Lenin is said to have declared that the best way to destroy the Capitalistic System was to debauch the currency… Lenin was certainly right. There is no subtler, no surer means of overturning the existing basis of society than to debauch the currency. The process engages all the hidden forces of economic law on the side of destruction, and does it in a manner which not one man in a million can diagnose. [Source: The Economic Consequences of the Peace, 1920, page 235]
Now I know that Keynesianism nowadays is very different from Keynesianism in 1936. Facts just kept slapping Keynesianism in the face, so new versions of it had to be thought up every few years. In fact, Wikipedia quotes economists who write that Keynes’s actual book is actually useless nowadays. The only thing that has been retained through all the reincarnations of Keynesianism is the notion that the govt has to spend a lot of money, or we are all doomed.
So it may very well be that the latest teachings in the schools is what Pedro Al Sombrero Negro is saying, that the problem govt has to solve is that people are paying their debts faster than they are taking on new debt. This is terrible, apparently, and so we need the govt to step in and borrow lots of money. Ths schools may have even rewritten history, Joseph Stalin style, and claim that Keynes said the same thing.
OK, Let’s look into it. What is so terrible if people are not constantly getting into greater and greater debt? Pedro tells us:
…(A fast decrease in broad money as opposed to a healthy economy that sees a steady increase in the monetary mass)…
So that’s what they are telling the gullible nowadays. A healthy economy sees a steady increase in the monetary mass [=inflation of the money supply], they taught poor Pedro. Obviously, he hasn’t read any Austrian economics, or my blog, or even what Keynes had to say about inflation [see above], or he would know better. So go to mises.org and do a search for inflation, or go there and get a free copy of Hazlitt’s books on inflation, or search my blog [this article for example, in which a Nobel Prize winner lays out the case for inflation, and Smiling Dave leaves him as the dust beneath his chariot wheels].
Firstly, you cannot compare a debt repayment with a traditional transaction because the former reduces the monetary mass when the latter simply transfer money from one person to another;
To be crystal clear, my position is twofold. My basic one is that of the great Austrians, that a decrease in the “monetary mass” does no harm. As Mises said, all the achievements of Capitalism would have happened no matter what the monetary mass. [See this article for more about this point. It talks about the monetary mass dwindling because people hoard their money, but the principles are the same].
In the Krugman article I was doing something else, hoisting Krugman on his own petard. I was addressing Krugman’s fears of a shrinkage of spending when people pay their debts, and taking the position that even in his own twisted view of things, paying your debts does not mean less spending. The guy you repaid the money to will spend it, never fear. That’s why he wanted the money in the first place. To use it.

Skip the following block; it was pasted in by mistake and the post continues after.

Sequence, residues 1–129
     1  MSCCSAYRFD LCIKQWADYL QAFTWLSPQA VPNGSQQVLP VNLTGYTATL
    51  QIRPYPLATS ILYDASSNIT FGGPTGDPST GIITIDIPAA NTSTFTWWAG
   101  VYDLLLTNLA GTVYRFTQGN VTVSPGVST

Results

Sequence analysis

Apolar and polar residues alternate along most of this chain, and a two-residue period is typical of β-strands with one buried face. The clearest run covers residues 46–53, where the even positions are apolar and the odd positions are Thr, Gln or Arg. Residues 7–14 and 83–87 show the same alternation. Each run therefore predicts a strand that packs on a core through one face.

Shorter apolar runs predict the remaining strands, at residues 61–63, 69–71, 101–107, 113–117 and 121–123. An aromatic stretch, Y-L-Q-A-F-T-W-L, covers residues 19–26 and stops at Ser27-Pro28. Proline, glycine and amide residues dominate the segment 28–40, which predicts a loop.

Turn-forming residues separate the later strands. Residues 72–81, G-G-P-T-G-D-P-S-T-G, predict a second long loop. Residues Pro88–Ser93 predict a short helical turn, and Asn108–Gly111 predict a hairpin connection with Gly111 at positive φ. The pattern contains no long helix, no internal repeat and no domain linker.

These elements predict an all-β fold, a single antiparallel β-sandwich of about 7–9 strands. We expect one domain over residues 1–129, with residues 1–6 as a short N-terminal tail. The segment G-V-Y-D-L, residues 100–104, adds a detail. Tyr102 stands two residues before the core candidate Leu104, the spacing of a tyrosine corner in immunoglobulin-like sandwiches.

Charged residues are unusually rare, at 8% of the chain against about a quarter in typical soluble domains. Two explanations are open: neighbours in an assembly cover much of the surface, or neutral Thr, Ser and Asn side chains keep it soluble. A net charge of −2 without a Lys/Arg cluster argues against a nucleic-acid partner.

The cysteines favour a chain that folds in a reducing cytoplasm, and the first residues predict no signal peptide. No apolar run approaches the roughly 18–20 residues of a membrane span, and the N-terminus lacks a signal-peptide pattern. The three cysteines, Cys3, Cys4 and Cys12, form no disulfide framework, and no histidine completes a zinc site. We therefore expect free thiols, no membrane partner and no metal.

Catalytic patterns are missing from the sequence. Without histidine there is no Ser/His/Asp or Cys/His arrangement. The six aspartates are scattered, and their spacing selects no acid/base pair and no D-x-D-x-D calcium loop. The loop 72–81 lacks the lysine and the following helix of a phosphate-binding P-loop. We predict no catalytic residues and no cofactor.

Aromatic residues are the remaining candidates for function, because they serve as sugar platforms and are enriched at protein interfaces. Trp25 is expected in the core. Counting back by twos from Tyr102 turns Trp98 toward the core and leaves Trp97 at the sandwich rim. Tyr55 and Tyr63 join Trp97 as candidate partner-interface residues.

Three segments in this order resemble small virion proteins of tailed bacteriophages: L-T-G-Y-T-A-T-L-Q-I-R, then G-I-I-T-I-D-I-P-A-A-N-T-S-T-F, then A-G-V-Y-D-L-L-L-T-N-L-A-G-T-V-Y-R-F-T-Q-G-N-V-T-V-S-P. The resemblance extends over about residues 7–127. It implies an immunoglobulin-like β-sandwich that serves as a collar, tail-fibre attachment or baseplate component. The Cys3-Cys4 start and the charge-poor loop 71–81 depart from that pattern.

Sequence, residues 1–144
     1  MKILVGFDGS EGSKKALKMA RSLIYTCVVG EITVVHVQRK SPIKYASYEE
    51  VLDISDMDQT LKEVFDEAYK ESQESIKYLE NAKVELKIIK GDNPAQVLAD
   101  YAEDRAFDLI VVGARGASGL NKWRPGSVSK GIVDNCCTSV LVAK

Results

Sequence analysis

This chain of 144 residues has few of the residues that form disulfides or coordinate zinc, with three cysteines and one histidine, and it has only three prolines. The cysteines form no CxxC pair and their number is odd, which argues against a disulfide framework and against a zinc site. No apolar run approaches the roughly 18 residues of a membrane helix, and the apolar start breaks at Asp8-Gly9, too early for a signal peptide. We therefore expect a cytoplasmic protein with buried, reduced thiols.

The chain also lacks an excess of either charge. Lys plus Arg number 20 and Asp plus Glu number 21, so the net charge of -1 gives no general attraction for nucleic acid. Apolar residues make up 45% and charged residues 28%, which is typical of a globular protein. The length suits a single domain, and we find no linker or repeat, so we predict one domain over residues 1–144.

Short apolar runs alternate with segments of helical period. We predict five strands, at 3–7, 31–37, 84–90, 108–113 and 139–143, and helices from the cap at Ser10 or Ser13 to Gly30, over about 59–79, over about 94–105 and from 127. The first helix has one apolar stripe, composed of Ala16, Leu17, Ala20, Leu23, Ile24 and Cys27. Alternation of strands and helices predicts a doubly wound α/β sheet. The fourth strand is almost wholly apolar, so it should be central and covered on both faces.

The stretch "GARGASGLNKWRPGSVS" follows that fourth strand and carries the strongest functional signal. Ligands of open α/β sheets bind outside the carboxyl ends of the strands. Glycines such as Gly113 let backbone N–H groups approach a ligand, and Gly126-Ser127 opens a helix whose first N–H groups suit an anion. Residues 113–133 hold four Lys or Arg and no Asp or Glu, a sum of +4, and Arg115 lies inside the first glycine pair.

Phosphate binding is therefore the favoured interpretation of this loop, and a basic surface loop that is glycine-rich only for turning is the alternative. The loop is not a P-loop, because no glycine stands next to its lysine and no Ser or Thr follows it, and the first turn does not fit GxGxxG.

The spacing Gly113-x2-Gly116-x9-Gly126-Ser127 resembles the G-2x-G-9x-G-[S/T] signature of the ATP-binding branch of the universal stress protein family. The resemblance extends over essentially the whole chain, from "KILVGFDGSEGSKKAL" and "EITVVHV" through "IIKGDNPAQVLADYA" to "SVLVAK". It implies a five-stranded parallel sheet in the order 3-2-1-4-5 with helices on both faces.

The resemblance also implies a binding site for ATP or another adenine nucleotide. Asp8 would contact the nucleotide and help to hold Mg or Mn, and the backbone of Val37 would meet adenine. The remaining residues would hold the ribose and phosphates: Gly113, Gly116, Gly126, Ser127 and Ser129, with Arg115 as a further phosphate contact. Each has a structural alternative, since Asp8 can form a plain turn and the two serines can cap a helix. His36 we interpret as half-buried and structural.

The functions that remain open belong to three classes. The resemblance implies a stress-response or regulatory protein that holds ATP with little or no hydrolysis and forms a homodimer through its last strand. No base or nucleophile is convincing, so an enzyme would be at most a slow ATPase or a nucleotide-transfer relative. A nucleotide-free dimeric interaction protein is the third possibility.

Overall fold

I mean, think about it. If the money you repay the bank “disappears”, why do they even want it back in the first place? Obviously, it doesn’t really disappear. As I explained in earlier replies.
…then most importantly, and correct me if I’m wrong, but you seem to miss a major feature of the banking system: the endogeneity of money. Banks don’t choose to lend money out, they can only lend if, and only if, there are profitable projects and creditworhty borrowers to ask for loans, in other words, it is the demand side for loans that determines the total size of the market. Banks cannot force entire populations to get in debt against their will (they can try to influence them, think revolving credit and the like, but that’s nowhere near deciding to lend out money at will).
I dunno. The whole reason banks are banks is to lend people money. That’s how they pay their salaries and make their profits.
Wikipedia says the first banks opened up in 2000 B.C. Since then, no bank has ever closed down because “we had nobody to lend to.” It just doesn’t happen. Is that what Krugman is afraid of? That J P Morgan Chase and Citibank and all the others will lock their doors because they have nothing to do?
Banks are never reserve constrained, and there is no such thing as a “money multiplier” that would suppose an increase in reserves or depostis would automatically trigger an increase in loans, even the Fed admitted it.
Again, why do they bother to collect the loans? Why do they go bankrupt when they are not repaid? Why is there a recession now? Why did the Fed buy up toxic assets [=loans that will not be repaid]? The money disappears even if they get paid back, you and Krugman say, so what difference does it make?
The whole problem lies in the fact that a sharp decrease in the money supply can have (and recently had) massive spillover effects that artificially reduce money velocity and demand in industry otherwise not particularly malinvested:
Prove this, don’t assert it. Mises laid out his case that a sharp decrease in the money supply does nothing. I elaborated on it in this article. What is your refutation?
some keynesians (among others) uses this as a argument to justify deficit spending to compensate this phenomenon: this is debattable, and very much so, but the underlying problem is there, and I see no point in avoiding to expose it. Cheers.
There is no underlying “problem”, and even if there was, it is not really a problem, all as explained above.